Empowerment through ICT education, access and use: A gender analysis of Muslim youth in India
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women reported higher gains than men from computer learning when combined with ICT use.
While there have been developmental efforts to increase access to, and use of information
Journal of International Development
J. Int. Dev. 22, 659673 (2010)
Published online in Wiley InterScience
(www.interscience.wiley.com) DOI: 10.1002/jid.1718*Correspondence to: Farida Khan, Department of Computer Science and Engineering, KRESIT, Indian Institute ofTodays world is shaped by availability of information and ability to communicate, both of
which are enabled through the rapid diffusion of the Internet and extensive use of computers.Keywords: ICTs; computers/Internet; empowerment; gender; education; India
1 INTRODUCTIONThus, despite the existence of a gender-based digital divide, when bridged, ICTs showed
potential as an equalising force between the genders. In light of the above, policy measures to
widen access and provide subsidised training are suggested. Copyright# 2010 John Wiley &POLICY ARENA
EMPOWERMENT THROUGH ICTEDUCATION, ACCESS AND USE: A GENDERANALYSIS OF MUSLIM YOUTH IN INDIA
FARIDA KHAN1* and REHANA GHADIALLY2
1Department of Computer Science and Engineering, Indian Institute of Technology, Bombay, India2Department of Humanities and Social Sciences, Indian Institute of Technology, Bombay, India
Abstract: Information and communication technologies (ICTs) developing countries can
bridge socio-economic divides and empower the marginalised, including women and minority
groups. This paper considers four dimensions of empowermentpsychological, social,
educational and economicand assesses benefits to each following computer education
and usage of computer and Internet technology. Data were collected from 155 young Muslim
women and men studying in three computer training centres in Mumbai, and a gender-based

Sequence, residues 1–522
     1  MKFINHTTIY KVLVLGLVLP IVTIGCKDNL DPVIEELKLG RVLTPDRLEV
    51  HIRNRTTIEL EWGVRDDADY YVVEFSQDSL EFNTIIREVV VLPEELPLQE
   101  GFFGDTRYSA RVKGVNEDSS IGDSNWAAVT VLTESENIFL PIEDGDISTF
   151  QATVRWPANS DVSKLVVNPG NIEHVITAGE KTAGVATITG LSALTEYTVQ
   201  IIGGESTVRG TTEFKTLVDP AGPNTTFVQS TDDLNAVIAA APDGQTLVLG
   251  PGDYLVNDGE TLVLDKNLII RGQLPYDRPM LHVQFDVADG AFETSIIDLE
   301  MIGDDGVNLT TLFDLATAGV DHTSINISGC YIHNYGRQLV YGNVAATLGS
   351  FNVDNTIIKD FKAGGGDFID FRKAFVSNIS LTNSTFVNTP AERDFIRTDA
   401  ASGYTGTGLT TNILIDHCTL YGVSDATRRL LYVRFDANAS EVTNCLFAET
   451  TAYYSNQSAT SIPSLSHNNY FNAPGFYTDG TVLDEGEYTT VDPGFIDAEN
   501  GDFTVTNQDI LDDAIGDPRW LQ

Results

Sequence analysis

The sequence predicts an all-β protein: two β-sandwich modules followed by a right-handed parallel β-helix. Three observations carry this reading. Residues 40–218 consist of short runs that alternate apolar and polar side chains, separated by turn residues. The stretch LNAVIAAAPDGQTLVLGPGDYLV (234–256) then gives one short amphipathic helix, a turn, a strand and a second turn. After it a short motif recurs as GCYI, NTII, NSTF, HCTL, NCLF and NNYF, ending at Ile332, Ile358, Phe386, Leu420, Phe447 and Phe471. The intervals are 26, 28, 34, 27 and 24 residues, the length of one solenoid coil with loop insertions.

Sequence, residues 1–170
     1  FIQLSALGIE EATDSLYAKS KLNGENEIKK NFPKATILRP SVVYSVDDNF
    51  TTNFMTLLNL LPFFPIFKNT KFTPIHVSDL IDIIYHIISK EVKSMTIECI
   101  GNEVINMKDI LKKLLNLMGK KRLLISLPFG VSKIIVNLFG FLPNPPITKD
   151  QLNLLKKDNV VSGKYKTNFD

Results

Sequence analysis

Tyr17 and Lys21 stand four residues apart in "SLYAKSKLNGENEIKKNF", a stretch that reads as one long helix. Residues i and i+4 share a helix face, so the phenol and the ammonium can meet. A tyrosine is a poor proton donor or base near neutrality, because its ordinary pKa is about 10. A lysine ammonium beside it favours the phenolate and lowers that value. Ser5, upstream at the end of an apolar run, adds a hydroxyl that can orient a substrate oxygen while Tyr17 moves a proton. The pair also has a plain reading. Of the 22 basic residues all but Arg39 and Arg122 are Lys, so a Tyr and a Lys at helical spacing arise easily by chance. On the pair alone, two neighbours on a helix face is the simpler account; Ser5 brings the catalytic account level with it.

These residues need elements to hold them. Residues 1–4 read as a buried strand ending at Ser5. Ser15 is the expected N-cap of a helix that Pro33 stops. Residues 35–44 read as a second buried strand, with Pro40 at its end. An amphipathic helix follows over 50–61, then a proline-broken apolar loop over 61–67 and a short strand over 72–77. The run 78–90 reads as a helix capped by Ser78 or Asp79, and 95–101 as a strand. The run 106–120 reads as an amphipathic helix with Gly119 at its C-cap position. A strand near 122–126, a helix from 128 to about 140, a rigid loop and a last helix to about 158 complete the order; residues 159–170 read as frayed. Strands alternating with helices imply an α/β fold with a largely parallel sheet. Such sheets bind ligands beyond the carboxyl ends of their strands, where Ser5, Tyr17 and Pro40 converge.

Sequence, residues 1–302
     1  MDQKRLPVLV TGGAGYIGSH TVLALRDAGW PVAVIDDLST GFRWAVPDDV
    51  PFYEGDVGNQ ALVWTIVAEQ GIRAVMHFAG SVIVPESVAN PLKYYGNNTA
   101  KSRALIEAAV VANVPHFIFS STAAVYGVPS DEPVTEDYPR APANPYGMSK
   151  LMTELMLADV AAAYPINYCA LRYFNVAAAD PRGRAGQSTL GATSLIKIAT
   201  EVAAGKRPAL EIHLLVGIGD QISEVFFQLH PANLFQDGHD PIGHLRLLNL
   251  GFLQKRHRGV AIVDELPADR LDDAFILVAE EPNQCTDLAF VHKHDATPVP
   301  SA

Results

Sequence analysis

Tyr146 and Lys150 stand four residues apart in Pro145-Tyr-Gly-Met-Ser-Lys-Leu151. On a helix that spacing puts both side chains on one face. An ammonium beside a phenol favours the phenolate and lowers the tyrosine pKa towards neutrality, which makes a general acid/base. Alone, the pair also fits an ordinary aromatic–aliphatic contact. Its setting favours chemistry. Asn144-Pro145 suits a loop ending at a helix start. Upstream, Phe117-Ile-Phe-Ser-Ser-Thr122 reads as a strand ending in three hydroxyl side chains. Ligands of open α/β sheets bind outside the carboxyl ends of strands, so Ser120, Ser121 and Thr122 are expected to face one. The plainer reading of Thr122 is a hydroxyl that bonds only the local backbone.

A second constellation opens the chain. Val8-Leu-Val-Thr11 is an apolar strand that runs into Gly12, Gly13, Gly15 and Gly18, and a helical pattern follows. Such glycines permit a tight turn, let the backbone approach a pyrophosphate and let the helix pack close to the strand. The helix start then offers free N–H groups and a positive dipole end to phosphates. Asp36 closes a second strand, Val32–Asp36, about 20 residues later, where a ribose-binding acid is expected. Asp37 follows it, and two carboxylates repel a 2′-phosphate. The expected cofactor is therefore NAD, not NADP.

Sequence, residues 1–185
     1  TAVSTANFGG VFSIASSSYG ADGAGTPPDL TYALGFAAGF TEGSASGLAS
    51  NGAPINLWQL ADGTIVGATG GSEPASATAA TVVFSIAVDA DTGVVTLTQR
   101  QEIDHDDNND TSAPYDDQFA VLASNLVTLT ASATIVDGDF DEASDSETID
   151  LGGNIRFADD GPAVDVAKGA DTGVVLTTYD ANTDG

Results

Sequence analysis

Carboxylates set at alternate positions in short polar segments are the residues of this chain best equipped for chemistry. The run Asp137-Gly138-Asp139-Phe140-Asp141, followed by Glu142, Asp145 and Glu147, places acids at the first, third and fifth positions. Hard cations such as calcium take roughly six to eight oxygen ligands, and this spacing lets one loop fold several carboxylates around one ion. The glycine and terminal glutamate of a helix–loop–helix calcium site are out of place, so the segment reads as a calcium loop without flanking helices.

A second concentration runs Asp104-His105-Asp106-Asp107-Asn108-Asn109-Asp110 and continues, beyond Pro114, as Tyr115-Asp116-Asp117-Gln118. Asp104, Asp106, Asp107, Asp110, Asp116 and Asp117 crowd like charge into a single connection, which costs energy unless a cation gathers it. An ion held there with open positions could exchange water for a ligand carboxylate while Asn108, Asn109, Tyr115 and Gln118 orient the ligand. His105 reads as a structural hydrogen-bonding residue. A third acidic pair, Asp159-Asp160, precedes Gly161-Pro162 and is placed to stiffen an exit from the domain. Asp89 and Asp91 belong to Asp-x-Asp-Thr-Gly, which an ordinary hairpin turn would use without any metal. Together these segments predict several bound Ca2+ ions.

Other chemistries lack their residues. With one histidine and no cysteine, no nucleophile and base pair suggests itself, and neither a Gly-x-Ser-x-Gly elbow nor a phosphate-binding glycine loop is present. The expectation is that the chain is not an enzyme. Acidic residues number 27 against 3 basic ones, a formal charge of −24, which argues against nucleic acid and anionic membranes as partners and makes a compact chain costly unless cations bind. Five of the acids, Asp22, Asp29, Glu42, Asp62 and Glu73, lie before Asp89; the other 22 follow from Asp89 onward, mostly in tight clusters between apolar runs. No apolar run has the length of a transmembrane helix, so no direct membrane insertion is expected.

comparison was conducted. Figures for computer ownership and home Internet connection
were low for the entire sample, and the training centres and cybercafes were important points
of access for females and males, respectively. In terms of perceived empowerment, youngTechnology, Bombay, India. E-mail: firstname.lastname@example.org
Copyright # 2010 John Wiley & Sons, Ltd.
and communication technologies (ICTs) in general, there is still a marked difference in
660 F. Khan and R. Ghadiallyboth across the world as well as within societies. This gives rise to a digital divide that
results into two groups; namely, the information rich, those who have access to abundant
information and ICT-based services, and the information poor, who lack such an access.
Even as India is a leading destination for ICT-related outsourcing that promises
employment opportunities, there are several divides within the country. The digital divide
operates across geographic location (ruralurban), income (richpoor), gender (male
female) and language (Englishvernacular) (Kenniston, 2003). It has also affected
marginalised minorities such as Muslims. The Muslim minority is disadvantaged both
educationally and economically, and this has meant they have relatively less access to
the information highway (Razzack and Gumber, 2003; Shariff and Razzack, 2004;
Sachar Committee Report, 2006). Discrimination, inequalities of knowledge, and cost and
language barriers compound the constraints, further limiting the extent of computer and
Internet use (Khalidi, 2001). Muslim women are doubly disadvantaged as they face
an additional gender barrier (Hasan and Menon, 2004). Yet, when provided, ICT skills and
access offer an opportunity to leapfrog and bridge the disparities in information, education
and income (Heeks, 2006). Hence, we postulate that equipping young members of the
Muslim community, especially its women, with technical skills and access to digital
technology could result in a more equitable development.
In India, with a population of roughly one billion, ownership of personal computers and
Internet subscription is estimated to be 64.4 million and 45.3 million respectively, covering